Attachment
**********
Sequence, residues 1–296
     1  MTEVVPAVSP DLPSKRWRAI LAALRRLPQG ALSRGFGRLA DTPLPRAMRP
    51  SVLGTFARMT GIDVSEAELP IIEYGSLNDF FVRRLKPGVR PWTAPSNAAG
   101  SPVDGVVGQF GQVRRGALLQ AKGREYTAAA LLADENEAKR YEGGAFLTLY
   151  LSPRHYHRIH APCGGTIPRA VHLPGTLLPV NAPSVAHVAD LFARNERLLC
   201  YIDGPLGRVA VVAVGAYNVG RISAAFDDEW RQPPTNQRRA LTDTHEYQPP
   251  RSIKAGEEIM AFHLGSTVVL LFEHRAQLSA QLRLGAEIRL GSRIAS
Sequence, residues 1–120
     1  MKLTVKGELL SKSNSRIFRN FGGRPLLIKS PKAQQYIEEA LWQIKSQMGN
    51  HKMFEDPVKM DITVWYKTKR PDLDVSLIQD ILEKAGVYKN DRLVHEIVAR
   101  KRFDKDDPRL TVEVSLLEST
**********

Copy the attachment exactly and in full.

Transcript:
Sequence, residues 1–296
     1  MTEVVPAVSP DLPSKRWRAI LAALRRLPQG ALSRGFGRLA DTPLPRAMRP
    51  SVLGTFARMT GIDVSEAELP IIEYGSLNDF FVRRLKPGVR PWTAPSNAAG
   101  SPVDGVVGQF GQVRRGALLQ AKGREYTAAA LLADENEAKR YEGGAFLTLY
   151  LSPRHYHRIH APCGGTIPRA VHLPGTLLPV NAPSVAHVAD LFARNERLLC
   201  YIDGPLGRVA VVAVGAYNVG RISAAFDDEW RQPPTNQRRA LTDTHEYQPP
   251  RSIKAGEEIM AFHLGSTVVL LFEHRAQLSA QLRLGAEIRL GSRIAS
Sequence, residues 1–120
     1  MKLTVKGELL SKSNSRIFRN FGGRPLLIKS PKAQQYIEEA LWQIKSQMGN
    51  HKMFEDPVKM DITVWYKTKR PDLDVSLIQD ILEKAGVYKN DRLVHEIVAR
   101  KRFDKDDPRL TVEVSLLEST